- David Boreanaz
- Lou Ferrigno did his own stunts in The Incredible Hulk, mostly because they couldn't find a stuntman who looked anything like him.
- In The Brady Bunch Hawaii episodes, the actor that played Greg did his own surfing scene, and scraped his feet on the sharp coral.
- Maggie Q of CW's Nikita always does her stunts.
- Hiroshi Fujioka, the first Kamen Rider actor did his own stunts... until an accident ended up breaking his leg. This was worked into the show with Kamen Rider 2, the first of the franchise's secondary riders, and from then on, to prevent another similar incident, most toku heroes henceforth were portrayed by suit actors. Having said that, while toku actors usually have very few unmorphed fight scenes in the show itself (to prevent the same thing that happened to Hiroshi Fujioka), in their movies, they often have plenty, and they mostly do their own stunts there.
- Played straight decades later by Minami Tsukui, who plays Yoko Minato/Kamen Rider Marika in Kamen Rider Gaim. Tsukui is a stuntwoman by trade, so she does her own fight scenes out of an in-costume, serving as the suit actress for Marika. This also holds true for Tsukui's appearances in Kamen Rider Double (as the Grasshopper Woman) and Zyuden Sentai Kyoryuger (as Ashy, one of Deathryuger's Dark Chicks in The Movie).
- Amy Dumas (Lita) did her own stuntwork in her episode of Dark Angel, but unfortunately she injured herself doing it.
- Power Rangers
- As his castmates in Power Rangers Dino Thunder put it, there are stunt doubles and there is Jason David Frank. He did, however, become less eager to do high risk stunts after swimming against the rapids in Turbo: A Power Rangers Movie while his stunt double just sat there happily collecting a paycheck after only doing the initial jump.
- All of the original Mighty Morphin' Power Rangers did their own stunts for at least the first 40 episodes. The actors were cast, in part, based on experience with martial arts, gymnastics or dancing. This includes footage of them actually in the suits. However, Amy Jo Johnson became a bit cautious after she caught on fire while filming the episode "Switching Places." Even after the first season though, the actors were still really hands on until Power Rangers in Space when the show decided to go SAG halfway through the season.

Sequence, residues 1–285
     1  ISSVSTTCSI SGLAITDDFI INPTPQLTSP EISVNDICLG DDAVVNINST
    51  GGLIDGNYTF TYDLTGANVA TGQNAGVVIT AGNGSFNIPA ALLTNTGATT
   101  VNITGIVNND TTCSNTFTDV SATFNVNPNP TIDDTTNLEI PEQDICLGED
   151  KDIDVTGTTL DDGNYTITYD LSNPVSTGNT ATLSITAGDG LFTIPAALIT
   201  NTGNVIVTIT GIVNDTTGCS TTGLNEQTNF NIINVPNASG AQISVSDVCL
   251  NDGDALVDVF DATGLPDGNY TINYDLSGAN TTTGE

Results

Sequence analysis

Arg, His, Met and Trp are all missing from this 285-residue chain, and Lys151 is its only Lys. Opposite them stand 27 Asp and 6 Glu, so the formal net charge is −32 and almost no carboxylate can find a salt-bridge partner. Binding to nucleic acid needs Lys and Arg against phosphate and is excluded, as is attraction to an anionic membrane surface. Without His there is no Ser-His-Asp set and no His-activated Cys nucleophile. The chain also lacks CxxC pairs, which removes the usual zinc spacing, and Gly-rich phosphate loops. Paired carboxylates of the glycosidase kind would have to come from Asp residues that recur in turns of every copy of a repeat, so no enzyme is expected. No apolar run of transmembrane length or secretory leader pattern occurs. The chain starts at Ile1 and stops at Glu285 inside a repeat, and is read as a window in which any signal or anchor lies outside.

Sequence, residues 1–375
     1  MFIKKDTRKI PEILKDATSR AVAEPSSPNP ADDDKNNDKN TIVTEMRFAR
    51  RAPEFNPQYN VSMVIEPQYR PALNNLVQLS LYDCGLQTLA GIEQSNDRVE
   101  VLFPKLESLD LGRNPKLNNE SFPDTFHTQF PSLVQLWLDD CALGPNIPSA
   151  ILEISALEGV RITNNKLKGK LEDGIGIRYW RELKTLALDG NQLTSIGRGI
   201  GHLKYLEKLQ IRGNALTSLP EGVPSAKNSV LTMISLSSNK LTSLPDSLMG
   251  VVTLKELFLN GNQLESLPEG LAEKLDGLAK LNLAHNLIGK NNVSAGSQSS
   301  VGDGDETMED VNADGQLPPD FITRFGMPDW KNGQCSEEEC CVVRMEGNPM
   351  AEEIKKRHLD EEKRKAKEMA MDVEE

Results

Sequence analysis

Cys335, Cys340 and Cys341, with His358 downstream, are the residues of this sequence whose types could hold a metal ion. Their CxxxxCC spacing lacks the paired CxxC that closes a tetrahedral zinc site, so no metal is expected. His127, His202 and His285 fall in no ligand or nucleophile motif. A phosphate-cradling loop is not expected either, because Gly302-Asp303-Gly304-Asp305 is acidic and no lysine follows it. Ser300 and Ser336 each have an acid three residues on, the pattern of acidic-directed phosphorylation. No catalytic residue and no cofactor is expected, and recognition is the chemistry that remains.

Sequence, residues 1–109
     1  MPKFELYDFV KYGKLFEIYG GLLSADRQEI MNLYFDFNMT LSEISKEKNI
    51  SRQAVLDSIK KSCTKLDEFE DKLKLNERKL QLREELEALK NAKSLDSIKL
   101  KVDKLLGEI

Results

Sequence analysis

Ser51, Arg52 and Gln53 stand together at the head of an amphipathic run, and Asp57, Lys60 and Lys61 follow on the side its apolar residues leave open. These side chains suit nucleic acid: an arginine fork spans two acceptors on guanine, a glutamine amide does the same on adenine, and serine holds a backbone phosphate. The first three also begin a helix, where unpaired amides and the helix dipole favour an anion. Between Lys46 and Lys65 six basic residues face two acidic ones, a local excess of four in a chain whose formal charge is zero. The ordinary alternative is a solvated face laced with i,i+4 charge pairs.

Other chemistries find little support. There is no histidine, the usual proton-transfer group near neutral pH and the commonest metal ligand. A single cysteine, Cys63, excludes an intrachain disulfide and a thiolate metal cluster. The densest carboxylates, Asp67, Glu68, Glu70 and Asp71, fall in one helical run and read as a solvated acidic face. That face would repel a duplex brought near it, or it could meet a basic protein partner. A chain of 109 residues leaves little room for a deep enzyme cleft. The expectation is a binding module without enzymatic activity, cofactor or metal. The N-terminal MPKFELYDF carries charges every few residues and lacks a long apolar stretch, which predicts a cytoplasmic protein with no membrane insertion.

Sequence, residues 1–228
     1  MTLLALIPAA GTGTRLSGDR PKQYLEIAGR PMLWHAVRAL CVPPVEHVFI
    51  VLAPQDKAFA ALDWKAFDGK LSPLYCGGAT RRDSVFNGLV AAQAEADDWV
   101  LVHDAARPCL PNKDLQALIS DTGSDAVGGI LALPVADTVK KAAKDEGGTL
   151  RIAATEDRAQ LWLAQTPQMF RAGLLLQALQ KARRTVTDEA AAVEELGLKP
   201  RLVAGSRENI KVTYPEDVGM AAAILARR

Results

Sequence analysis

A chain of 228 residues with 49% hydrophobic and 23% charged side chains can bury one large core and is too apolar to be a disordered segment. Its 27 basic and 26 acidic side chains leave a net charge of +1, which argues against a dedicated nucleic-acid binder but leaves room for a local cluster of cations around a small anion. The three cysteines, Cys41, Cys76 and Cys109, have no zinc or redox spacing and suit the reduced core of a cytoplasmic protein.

- In Power Rangers S.P.D. the actress that played A-Squad Pink was already the suit actress for B-Squad Yellow, and thus did her own suit acting as well.
- The male members of the Power Rangers RPM cast were really insistent that they do as much of the stunt work as they physically could, and by the end of the season Eka Darville was training alongside the Japanese stuntmen. He had gotten that good. Other actors with experience, like Johnny Yong Bosch, Dan Southworth, Mike Chaturantabut and Brennan Mejia, have also gotten opportunities to flex their skills onscreen.
- Looking at stills from the filming of the 50th anniversary episode, it seems that Matt Smith is doing his own stunts.
- Jon Pertwee, the Third Doctor, did as many of his own stunts as he possibly could, even when he had to have his spine snapped back into place afterward.
- For one particular stunt in the TV series Wonder Woman - clinging onto a helicopter in flight - Lynda Carter convinced her stunt double to let her do it instead. Carter got chewed out for risking her life like that.
- Craig Charles made a point of doing all his own stunts on Red Dwarf. His co-stars joke that he's Made of Iron thanks to all the bumps he's taken over the years. In his memoir of the series The Man in the Rubber Mask, Robert Llewellyn describes Charles trying to make the stunts more dangerous, including at one point proposing to fall out of Starbug and land on his head, which director Ed Bye vetoed on the grounds that, while it might look amazing, it would also leave them with a dead actor.
Charles: Hey, Eddy, man, I can land on me head and no harm done. I'm a Scouser, you know what I'm saying?
Bye: Yes, I know what you're saying, and you're completely mad.
- On Hawaii Five-0, Alex O'Loughlin originally liked to do as many of his stunts as possible. However, he injured his shoulder on set in 2011 and became addicted to the painkillers he took for it, necessitating him going into rehab and Commander McGarrett being Put on a Bus for part of season three. After The Bus Came Back, he was much more sensible about what he did and what he allowed a stunt double to do for him.